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Back You are here: Home Columns My Wing-Ding-A-Do at the Wing House by Rev. James L Snyder


My Wing-Ding-A-Do at the Wing House by Rev. James L Snyder

It is not that ignorance is so bad; it is just so inconvenient. Case in point. A while back, I found in the mail coupons for two free nights in Daytona Beach. "Look, my dear," I squealed, with delight to my wife, "We have two free nights in Daytona Beach." Immediately we checked our calendars and selected a time when we could take advantage of our windfall, without running into all those spring-breakers at the beach.
Personally, I am not too crazy about Daytona Beach. I am crazy about free. Consulting the parsonage exchequer, we could afford free. Upon leaving the house, all I could do was hum a tune, "Two Whole Nights at the Beach ..." Before I finished, my wife suggested I quit humming. Of course, with her suggestions always comes the phrase, "And if you don't I'll ..." Well, you know the rest. I took her suggestion, but I was humming on the inside. Arriving at our motel in good time, we checked in and settled down for two days and two nights of absolute relaxation - whatever that is. The room was terrific and in the corner was an old friend - a Lazyboy recliner. With the recliner and a remote, I settled in for some serious goofing off for the next two days.
Admittedly, I am not gifted in many areas, if any. My wife, however, says I goof off better than anyone she knows. One takes pride in what one does best. Next to our motel was a restaurant called The Wing House. On the outside it looked like a nice place and, unlike my wife, I am not choosy about where I eat. Any old greasy spoon suits me just fine, thank you. I must say I was completely unprepared for what I was about to experience in the restaurant next to our motel.
On the second day of our mini-vacation, I decided to run next door for some carry out. My wife wanted some soup and I fancied something a little more substantial. When I am on an errand, especially one as important as my supper, I am usually focused on one thing and one thing only. I wanted to run into the restaurant, give my order, get out as quickly and simply as possible and get back to my Lazyboy and remote. It is my two days off; I will squander them if I want to.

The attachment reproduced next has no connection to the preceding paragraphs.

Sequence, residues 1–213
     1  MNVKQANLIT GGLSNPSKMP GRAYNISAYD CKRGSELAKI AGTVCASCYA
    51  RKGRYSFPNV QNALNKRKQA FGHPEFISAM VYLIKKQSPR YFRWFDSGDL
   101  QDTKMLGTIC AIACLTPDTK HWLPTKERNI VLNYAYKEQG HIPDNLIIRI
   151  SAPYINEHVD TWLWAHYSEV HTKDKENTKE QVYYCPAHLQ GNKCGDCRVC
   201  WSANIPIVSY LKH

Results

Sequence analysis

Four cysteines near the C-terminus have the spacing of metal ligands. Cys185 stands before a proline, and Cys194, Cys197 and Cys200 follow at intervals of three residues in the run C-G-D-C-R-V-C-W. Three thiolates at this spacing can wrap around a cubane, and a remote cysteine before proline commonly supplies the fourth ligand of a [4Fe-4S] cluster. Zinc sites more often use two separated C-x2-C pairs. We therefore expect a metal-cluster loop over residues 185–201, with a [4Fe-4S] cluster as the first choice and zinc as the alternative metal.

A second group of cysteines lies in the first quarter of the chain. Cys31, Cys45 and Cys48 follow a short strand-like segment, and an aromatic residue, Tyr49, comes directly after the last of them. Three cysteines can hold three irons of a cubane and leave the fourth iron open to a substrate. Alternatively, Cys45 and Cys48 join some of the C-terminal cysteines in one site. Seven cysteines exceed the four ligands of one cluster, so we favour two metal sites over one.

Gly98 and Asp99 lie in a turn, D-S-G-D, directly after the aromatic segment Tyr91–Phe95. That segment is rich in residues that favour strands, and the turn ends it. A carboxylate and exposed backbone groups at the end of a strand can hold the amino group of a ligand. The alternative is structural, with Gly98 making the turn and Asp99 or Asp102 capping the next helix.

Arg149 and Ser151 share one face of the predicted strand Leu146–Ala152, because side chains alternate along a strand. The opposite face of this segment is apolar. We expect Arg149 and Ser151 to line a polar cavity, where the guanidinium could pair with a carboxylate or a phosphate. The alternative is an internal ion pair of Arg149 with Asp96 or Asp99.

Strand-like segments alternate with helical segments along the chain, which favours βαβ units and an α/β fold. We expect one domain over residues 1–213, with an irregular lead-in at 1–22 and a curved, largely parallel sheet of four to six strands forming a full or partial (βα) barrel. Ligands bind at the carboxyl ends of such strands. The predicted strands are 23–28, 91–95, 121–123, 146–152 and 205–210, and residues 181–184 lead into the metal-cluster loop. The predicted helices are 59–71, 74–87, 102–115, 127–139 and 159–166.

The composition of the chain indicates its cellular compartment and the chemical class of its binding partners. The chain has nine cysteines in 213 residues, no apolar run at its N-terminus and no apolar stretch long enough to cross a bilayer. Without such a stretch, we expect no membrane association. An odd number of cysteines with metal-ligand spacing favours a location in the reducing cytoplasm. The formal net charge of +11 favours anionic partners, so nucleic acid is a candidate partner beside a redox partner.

I did not notice anything strange when I first walked in. I focused on the menu. Looking up from the menu what I saw shocked me to the core. I am known for dropping everything from dishes to keys. This time I dropped my lower jaw to the floor. It took some time for me to gingerly pick up my lower jaw. I just noticed the young girl standing before me greeting me and inquiring about my order.
I heard nothing - but, unfortunately, I saw more than I expected. Let me try to describe this as delicately as I can. The only thing I can rationally think of is, when this young girl dressed in the morning her costume fit quite well. I hardly think anyone would put on clothes that did not fit. However, during the course of the day, being a young person, she must have experienced a rather dramatic spurt of growth, causing her clothes to be at least three sizes too small. Fortunately, or unfortunately as the case may be, the only thing keeping her breathing was the lack of material around her chest area. Otherwise, she could have suffocated. Her clothes were so tight, not to mention skimpy (and I didn't), that I wanted to take the shirt off my back and give it to her. I mumbled something rather incoherently and said as loud as possible, "and make it to go, please." After giving my order, I did not know what to do with my eyes. You can look at the ceiling only so long before people begin inquiring into your family history. Other young girls, in the restaurant, I found in the same condition. There must be a "growth spurt" epidemic going around.
My order finally came and I quickly paid for it, made like an egg and scrambled for the sanctity of my motel room. I slammed the door behind and paused to collect whatever was lagging behind me, happy I made it to safety.
No sooner had my heart reclaimed its tranquil rhythm than I heard an anemic knock at the door. When I opened the door, much to my chagrin (and believe me I was not grinning), stood my semi-clad waitress with a restaurant package in her hand. I felt as though I had been run over by a Mac truck.
"I'm terribly sorry, sir, but we mixed up your order. Here's your order." We exchanged bags and one glance at my wife told me that, along with other things, I would be eating crow. Later that evening, as I prepared for bed, I took comfort in the words of the Apostle Paul. "According to my earnest expectation and my hope, that in nothing I shall be ashamed, but that with all boldness, as always, so now also Christ shall be magnified in my body, whether it be by life, or by death." (Philippians 1:20 KJV.)
 Ignorance about some things is inconvenient, but ignorance about Christ is fatal. The Rev. James L. Snyder is pastor of the Family of God Fellowship, PO Box 831313, Ocala, FL 34483. He lives with his wife, Martha, in Silver Springs Shores. Call him at 352-687-4240 or e-mail This email address is being protected from spambots. You need JavaScript enabled to view it. . The church web site is www.